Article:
Problems there may be in the Sarajevo art world at the moment, but, much in the manner of the duplex 10m2 "DEAL WITH IT" show, the team at ARS AEVI see these difficulties as unfortunate factors to be overcome in time, rather than using them as an excuse to do nothing. Sadly, during my second stay in Sarajevo, another serious problem for local culture emerged; duplex 10m2, which for years has put on a challenging and wide-ranging visual programme, will close at the end of this year, as it's major backer, the French government, has decided to withdraw funding from contemporary art in Bosnia-Hercegovina. So, come 2012, ARS AEVI will be soldiering on almost alone.
|League of Yugoslav Communists membership card. Part of the popular cultural detritus kept by the Čarlama collection|
|Piece by Neue Slowenische Kunst at Čarlama|
|Old adversaries: two relief carvings of Tito and Stalin, dating from c. 1945-48, at Čarlama|
I must admit that it took time for Sarajevo to grow on me, but after my last week there, it has emerged as a genuine possibility for my base in 2012. The arts scene is nascent, and so inclusive; outsiders are welcomed with open arms. The city is shortly planning a bid to become European capital of culture (sometime after 2014) and the ingredients are all there for the visual arts to play a very strong role in these coming developments. The next few years could be an exciting time to be in the city.
Sarajevo or Skopje, then? Lots to think about on the way home.
I pitched up in the Croatian capital last Sunday. Unlike the other cities that I have visited so far on my journey, I already knew Zagreb reasonably well- this is my fifth or sixth time in the city since I first visited in late 2007. Alongside Ljubljana and Berlin, Zagreb is amongst my favourite places anywhere in Europe. There is a lively jazz scene, an art world which chugs along despite some of the obstacles and indifference it has to surmount from officialdom, a fascinating mixture of Habsburg and Yugoslav architecture (the Habsburg style dominates the centre, with the suburbs largely featuring Yugo-era sprawl) and a laid back, generous, warm set of locals, who for some reason instinctively warm to Scots and Irish visitors.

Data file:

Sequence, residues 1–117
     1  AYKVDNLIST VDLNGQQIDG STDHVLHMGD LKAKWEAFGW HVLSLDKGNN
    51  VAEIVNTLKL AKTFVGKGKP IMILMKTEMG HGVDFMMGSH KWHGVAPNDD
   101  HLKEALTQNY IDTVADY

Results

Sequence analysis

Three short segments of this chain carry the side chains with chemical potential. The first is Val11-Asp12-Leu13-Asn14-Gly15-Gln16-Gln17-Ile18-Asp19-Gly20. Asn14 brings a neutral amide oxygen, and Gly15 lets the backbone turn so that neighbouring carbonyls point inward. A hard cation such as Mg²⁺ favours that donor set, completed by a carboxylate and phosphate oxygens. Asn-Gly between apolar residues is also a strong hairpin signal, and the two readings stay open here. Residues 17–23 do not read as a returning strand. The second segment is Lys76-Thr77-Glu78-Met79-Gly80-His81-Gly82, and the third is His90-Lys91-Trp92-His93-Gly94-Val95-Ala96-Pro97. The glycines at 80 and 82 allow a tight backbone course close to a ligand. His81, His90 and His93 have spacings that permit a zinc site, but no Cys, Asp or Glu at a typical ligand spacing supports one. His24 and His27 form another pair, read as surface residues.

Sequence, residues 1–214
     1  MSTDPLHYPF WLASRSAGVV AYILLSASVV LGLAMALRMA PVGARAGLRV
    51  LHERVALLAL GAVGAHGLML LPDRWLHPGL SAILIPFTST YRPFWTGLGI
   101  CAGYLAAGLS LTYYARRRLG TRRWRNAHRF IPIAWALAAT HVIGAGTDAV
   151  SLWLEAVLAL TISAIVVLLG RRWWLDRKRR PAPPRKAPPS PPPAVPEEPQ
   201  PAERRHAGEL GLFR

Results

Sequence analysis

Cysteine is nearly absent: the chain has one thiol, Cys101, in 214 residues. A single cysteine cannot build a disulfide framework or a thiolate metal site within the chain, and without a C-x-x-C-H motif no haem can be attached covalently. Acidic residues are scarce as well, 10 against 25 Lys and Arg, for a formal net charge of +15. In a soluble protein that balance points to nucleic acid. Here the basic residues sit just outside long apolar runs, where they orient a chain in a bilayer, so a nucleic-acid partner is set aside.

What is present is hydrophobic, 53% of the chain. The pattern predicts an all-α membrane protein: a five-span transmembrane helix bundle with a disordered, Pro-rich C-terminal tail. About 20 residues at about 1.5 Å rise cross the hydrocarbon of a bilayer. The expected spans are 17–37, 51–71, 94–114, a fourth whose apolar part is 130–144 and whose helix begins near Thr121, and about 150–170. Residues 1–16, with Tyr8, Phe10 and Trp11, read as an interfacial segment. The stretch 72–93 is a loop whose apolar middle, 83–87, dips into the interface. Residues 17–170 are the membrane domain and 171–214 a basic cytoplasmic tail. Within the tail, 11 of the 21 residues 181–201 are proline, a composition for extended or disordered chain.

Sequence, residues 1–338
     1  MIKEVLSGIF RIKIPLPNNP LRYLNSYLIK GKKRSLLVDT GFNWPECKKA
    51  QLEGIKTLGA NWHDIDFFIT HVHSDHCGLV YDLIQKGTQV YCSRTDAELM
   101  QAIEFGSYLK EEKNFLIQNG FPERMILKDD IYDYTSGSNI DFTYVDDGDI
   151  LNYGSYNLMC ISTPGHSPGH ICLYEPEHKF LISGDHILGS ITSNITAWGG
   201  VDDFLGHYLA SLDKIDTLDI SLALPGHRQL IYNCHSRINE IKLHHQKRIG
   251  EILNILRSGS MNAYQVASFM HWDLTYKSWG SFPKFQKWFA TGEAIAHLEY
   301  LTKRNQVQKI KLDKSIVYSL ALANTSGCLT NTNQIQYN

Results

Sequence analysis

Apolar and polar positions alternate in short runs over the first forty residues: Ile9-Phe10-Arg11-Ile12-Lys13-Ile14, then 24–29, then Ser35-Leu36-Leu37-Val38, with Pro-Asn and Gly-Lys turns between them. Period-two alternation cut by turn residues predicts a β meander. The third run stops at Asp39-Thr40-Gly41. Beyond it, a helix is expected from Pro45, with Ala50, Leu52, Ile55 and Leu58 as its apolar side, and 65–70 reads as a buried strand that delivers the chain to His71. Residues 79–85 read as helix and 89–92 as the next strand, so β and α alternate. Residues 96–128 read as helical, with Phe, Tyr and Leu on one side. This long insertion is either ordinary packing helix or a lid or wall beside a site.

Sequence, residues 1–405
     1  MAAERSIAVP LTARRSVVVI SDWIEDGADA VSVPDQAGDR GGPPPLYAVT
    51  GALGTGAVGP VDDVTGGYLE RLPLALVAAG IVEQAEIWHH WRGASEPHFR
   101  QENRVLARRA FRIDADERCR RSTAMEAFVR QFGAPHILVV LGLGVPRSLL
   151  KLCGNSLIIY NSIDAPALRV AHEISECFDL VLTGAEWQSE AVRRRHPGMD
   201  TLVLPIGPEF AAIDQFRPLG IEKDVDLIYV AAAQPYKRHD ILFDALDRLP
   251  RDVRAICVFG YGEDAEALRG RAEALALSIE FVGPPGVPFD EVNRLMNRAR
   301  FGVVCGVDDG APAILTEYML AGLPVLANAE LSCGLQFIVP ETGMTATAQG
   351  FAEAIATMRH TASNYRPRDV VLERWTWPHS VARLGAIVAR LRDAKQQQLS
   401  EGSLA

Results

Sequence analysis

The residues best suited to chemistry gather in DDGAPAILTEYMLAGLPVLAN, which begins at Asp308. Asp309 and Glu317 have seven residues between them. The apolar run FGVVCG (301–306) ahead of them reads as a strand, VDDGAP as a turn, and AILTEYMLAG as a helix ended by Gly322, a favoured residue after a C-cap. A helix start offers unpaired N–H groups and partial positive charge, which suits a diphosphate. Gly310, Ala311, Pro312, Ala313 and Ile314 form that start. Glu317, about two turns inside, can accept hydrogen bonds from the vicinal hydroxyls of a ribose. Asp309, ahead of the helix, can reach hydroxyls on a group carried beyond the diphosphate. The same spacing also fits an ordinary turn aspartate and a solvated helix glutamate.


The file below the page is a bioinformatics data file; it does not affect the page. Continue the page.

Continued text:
|The Museum of Contemporary Art, Zagreb|
|Šelja Kamerić Bosnia Girl 1996|
The opening space is dominated by a large scale version of Šelja Kamerić's famous Bosnia Girl, a disturbing self portrait overlaid with some revolting racist graffiti daubed by a Dutch UN "peacekeeper" at Srebrenica, during the Bosnian civil war. This stark portrait quickly focuses the mind on the collection, and is a very effective grabber of the attention. The collection, "themed" in various not-always watertight categories, works through the familiar moments of post-war Yugoslav and Croat art history: EXAT '51, Nove Tendencije, conceptual, performance and installation art, particularly featuring the late Tomas Gotovac, and a very wide ranging look at the work of the influential Slovene reist grouping OHO.
|Tomislav Gotovac I Love Zagreb performance, 1971. The street is Ilica, just off the main Ban. Jelačić square|
|Mladen Stilinović, An Artist Who Cannot Speak English Is No Artist, 1993|
Zagreb, with the Mestrović studio, the Gallery of Naive Art, the Moderna Galerija, and the Stossmayer, had been well served anyway during the period when the Contemporary Art space was being built, but this new gallery is a very worthy addition to the city's cultural brand. The challenge now is to get all these disparate spaces working together for the city with a particualr aim in mind- which will require further investment.
So, I have three days left here before heading north west to Slovenia, back permitting. I'll write more about Zagreb in my next entry, from Ljubljana. Right now though, I'm going to get up and walk about, before it seizes profoundly.